I’m not much of a fried rice fan, being more of a traditionalist and opting for steamed but my 18 month old granddaughter made short work of it, along with some chicken from the soup and some greens. Stir-fried Dou Miao with Garlic looked a deceptively simple dish of young, tender pea shoots until you learn that every batch is almost identical in length and quality, and is cut with precision before being tossed in the wok with sunflower oil.

Shanghai Style Drunken Chicken was just as it should be, perfectly cooked to retain jelly under the skin with a hint of wine in the sauce. Green Chillies with Marinated Stuffed Minced Meat were originally created especially to suit the Thai palate, with a  fusion of sweet, sour and spice. Deep-fried Specially Marinated  Pork Chop was boneless, flattened out and then deep-fried. the meat was really juicy and tender.
While we splurged on the truffle dumplings at S$25, the whole bill with service and Chinese tea came to about S$120 for 3 adults and a toddler. Great value and much better than the much lauded nearby Tim Ho Wan.

STOP PRESS
New country of Origin Labelling is compulsory from 1 July

The new Country of Origin labels include the Australian Made kangaroo logo, a bar chart indicating percentage of Australian ingredients and a statement of where the product was made.

From 1 July 2018, most of the foods you buy will need to display new country of origin labels. Look out for these labels on food packages or in-store signage. Different labelling requirements apply depending on:

  • whether the food is grown, produced, made or packed in Australia or another country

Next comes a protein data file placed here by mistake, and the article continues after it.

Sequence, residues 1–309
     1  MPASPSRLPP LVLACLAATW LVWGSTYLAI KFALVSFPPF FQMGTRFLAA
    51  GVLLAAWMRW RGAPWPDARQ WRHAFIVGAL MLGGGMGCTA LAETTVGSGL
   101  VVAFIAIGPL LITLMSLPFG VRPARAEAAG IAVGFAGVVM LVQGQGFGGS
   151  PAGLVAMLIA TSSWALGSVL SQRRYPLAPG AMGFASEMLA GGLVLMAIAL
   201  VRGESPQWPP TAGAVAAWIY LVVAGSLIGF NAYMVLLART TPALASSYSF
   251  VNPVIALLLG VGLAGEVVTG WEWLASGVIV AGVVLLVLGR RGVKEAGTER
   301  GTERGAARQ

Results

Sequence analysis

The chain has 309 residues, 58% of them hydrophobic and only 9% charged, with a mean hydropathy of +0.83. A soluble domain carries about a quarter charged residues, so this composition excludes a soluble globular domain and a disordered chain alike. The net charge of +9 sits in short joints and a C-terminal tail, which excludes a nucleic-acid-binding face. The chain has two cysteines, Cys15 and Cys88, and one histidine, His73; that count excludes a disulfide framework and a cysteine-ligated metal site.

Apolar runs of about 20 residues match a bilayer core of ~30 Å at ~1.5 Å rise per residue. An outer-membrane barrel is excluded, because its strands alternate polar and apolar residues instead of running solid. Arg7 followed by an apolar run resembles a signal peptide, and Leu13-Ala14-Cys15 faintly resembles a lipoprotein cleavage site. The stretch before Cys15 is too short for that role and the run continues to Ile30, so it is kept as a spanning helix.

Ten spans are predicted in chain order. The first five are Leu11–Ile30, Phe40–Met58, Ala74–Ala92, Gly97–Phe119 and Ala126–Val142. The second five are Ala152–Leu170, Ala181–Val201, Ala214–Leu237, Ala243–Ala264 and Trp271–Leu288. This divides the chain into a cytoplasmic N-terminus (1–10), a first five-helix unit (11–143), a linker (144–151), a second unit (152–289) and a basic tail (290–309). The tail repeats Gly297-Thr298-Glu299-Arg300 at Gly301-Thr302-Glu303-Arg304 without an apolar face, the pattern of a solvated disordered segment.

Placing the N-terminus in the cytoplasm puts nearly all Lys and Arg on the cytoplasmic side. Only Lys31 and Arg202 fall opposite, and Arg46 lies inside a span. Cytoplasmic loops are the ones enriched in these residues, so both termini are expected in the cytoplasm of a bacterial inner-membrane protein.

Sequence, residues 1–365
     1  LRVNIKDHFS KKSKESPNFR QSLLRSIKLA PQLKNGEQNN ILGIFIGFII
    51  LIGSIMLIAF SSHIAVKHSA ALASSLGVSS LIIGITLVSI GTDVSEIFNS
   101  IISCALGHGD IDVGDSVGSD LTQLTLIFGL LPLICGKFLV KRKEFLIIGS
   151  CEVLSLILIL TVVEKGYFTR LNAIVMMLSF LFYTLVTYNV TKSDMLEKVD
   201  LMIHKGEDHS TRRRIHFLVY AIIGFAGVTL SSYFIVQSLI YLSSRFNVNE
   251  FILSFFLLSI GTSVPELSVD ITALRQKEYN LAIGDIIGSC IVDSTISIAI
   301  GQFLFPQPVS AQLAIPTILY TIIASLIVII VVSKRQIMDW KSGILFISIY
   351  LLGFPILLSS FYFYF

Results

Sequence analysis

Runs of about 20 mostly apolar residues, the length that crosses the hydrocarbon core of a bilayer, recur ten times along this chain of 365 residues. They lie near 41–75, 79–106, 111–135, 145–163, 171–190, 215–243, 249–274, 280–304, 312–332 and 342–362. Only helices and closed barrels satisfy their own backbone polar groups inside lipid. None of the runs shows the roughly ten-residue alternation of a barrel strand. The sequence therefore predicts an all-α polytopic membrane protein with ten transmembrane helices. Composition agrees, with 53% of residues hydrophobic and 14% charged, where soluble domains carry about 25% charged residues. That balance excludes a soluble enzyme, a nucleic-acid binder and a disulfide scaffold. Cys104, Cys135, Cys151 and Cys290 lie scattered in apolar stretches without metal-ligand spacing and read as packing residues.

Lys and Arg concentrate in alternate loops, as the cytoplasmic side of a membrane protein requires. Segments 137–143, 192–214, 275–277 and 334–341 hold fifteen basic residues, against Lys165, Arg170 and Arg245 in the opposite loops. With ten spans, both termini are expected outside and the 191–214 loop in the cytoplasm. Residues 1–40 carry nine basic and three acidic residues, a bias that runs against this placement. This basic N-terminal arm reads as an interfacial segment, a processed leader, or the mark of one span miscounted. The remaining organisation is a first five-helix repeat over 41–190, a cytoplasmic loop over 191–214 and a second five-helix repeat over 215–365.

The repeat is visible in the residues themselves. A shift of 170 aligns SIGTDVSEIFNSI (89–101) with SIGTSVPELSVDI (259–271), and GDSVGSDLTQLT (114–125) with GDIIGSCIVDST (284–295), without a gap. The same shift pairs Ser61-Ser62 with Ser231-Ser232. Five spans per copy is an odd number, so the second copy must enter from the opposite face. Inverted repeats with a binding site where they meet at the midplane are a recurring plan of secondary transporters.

• whether the food is a ‘priority’ or ‘non-priority’ food
  • how the food is displayed for sale.

You will find country of origin labelling on most food you buy at the supermarket, local stores, markets, online or from a vending machine. Food bought from restaurants, cafes, take-away shops, schools and caterers does not have to be labelled.

Food that was packaged and labelled on or before 30 June 2018 can still be sold without the new labels. 

Grown in, produced in, made in

The key country of origin claims mean different things:

  • Grown in is a claim about where the ingredients come from and is commonly used for fresh food. It can also be used for multi-ingredient products to show where the food was grown and processed.
  • Produced in is a claim about where the ingredients come from and where processing has occurred. This claim is often used for processed, as well as fresh foods.
  • Made in is a claim about the manufacturing process involved in making the food.

When a food has not been grown, produced or made in a single country, it will need to display a label identifying the country it was packed in

Priority and non-priority foods

Non-priority foods must carry a country of origin text statement about where the food was grown, produced, made or packed. A product is a non-priority food if it belongs to one of the following categories:

  • seasoning (e.g. salt, spices and herbs)
  • confectionery (e.g. chocolate, lollies, ice cream, popcorn)
  • tea and coffee (in dry, or ready to drink, form)
  • biscuits and snack food (e.g. chips, crackers and ready to eat savoury snacks)
  • bottled water
  • soft drinks and sports drinks
  • alcohol.

Everything else is a priority food. For example, priority foods include fruit and vegetables, meat, seafood, bread, milk, juice, sauces, honey, nuts and cereal.

If a priority food was grown, produced or made in Australia, its country of origin label will also feature:

  • a kangaroo in a triangle logo to help you quickly identify that the food is Australian in origin
  • a bar chart and text identifying the proportion of Australian content in the food (if any).

Priority foods can only claim to be produced or grown in Australia if they contain 100 per cent Australian ingredients.